Wells has fond memories of Boston and “the old neighborhood,” but also remembers the city’s rigid racial boundaries. “When you live there, it’s always a part of where you are. You don’t go to certain spots, like Charlestown and Southie,” said Wells — conceding Boston has evolved since then.

Pictured above: Boston native Kyle Wells at his home in Atlanta. Phillip Martin / GBH News.

A senior creative writer and producer for Turner Sports in Atlanta, Wells leads a life with his wife and two daughters on the city’s southwest side that he said he could not have imagined in Boston. He surveys his expansive front yard. A huge Magnolia tree shades their home from the hot Georgia sun.

In the decades following violent resistance to school desegregation in Boston starting in 1974, thousands of Black residents like Wells have moved to the South, as part of what some observers have termed “a reverse great migration.” Census data from 2011 show that more than a million Black residents in the metropolitan Atlanta area were born in the Northeast.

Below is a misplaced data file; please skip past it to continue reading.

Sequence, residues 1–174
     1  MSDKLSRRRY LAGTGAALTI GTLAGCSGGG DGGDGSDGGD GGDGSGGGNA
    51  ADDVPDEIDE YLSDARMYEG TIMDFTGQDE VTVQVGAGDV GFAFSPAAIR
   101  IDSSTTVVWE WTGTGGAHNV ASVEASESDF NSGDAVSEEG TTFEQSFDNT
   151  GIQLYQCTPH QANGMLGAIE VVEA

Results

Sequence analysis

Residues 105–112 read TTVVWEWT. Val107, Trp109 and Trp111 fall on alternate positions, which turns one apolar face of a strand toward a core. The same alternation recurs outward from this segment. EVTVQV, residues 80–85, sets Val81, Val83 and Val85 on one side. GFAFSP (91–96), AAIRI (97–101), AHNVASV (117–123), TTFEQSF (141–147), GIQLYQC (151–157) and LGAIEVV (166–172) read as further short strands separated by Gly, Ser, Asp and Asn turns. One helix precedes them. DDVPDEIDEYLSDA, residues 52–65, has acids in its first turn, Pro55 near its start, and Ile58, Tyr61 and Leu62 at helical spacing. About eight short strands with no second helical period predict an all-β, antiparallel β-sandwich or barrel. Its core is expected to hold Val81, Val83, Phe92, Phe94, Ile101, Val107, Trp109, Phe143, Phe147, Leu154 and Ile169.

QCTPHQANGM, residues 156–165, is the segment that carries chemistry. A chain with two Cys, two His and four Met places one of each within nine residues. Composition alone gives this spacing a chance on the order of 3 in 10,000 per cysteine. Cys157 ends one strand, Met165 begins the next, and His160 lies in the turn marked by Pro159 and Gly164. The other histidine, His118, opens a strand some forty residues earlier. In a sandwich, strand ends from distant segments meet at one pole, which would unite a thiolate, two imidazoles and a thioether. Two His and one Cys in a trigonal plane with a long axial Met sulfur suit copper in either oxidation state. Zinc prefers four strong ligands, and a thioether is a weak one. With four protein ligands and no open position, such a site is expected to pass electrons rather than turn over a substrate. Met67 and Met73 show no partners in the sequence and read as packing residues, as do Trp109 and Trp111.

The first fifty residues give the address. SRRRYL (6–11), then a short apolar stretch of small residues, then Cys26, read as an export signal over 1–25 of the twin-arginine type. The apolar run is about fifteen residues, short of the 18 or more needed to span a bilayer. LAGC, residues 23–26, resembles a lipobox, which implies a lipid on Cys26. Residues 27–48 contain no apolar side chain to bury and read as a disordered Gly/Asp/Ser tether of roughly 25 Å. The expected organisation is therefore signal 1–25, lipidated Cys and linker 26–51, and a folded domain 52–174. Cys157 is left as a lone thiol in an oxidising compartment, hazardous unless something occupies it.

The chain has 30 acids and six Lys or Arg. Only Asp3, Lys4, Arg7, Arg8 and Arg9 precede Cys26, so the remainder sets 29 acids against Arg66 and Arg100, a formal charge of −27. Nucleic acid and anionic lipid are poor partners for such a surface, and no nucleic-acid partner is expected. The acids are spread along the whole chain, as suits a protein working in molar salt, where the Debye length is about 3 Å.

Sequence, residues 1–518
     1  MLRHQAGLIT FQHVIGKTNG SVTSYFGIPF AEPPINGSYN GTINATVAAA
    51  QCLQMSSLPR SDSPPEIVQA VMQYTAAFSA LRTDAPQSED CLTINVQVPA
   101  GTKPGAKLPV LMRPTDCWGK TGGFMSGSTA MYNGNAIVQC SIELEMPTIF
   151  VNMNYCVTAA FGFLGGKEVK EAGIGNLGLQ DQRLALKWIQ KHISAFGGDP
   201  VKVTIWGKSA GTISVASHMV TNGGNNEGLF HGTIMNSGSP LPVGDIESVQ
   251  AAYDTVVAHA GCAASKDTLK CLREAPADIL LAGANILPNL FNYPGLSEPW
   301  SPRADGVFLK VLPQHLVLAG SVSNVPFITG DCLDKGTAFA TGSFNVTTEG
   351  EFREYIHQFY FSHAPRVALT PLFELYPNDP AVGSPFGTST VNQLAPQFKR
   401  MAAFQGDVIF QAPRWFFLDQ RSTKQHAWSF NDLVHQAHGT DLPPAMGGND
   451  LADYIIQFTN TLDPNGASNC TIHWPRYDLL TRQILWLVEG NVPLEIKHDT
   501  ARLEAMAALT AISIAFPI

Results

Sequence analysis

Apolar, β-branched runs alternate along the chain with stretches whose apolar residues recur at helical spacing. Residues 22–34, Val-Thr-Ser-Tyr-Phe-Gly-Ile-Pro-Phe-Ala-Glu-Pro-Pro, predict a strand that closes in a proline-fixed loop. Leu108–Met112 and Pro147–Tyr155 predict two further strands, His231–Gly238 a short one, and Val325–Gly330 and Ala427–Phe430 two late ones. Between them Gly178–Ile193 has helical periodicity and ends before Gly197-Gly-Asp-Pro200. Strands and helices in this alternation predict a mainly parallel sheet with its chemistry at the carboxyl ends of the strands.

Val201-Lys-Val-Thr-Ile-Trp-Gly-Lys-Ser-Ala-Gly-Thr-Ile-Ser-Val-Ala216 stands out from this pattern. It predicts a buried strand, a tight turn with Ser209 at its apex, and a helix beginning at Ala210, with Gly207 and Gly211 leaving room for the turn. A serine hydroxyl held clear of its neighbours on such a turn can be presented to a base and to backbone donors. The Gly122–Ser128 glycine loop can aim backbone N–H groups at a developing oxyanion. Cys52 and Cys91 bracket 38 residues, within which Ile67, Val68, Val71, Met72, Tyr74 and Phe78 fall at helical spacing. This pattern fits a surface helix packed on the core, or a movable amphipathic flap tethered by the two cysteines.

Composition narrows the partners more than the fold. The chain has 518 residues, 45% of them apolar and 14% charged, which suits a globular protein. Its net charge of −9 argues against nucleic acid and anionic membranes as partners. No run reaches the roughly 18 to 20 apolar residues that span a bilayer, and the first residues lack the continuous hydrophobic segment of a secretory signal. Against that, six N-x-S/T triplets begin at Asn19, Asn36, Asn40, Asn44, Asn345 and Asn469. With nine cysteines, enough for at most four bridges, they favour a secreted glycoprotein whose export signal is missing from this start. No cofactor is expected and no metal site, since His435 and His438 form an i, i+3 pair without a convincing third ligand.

Boston’s unwelcoming racial climate figured to some extent in the decision of five former residents who repaired to Atlanta, based on their interviews with GBH News in October. With Boston about to elect its first mayor of color, the Black former Bostonians were asked if that historic development has changed their minds about the city they left behind. Not much or at all, they replied.

Their searing experiences with racism in Boston have left a lasting mark.

But Logan Gaskill, 42, an Executive Leadership Coach and Strategy Consultant, is somewhat encouraged by Boston’s unprecedented mayoral race. “That’s progress,” he said.

Pictured above: Logan Gaskill, 42, Executive Leadership Coach and Strategy Consultant, says Atlanta offers him more — including warmer weather. Phillip Martin / GBH News.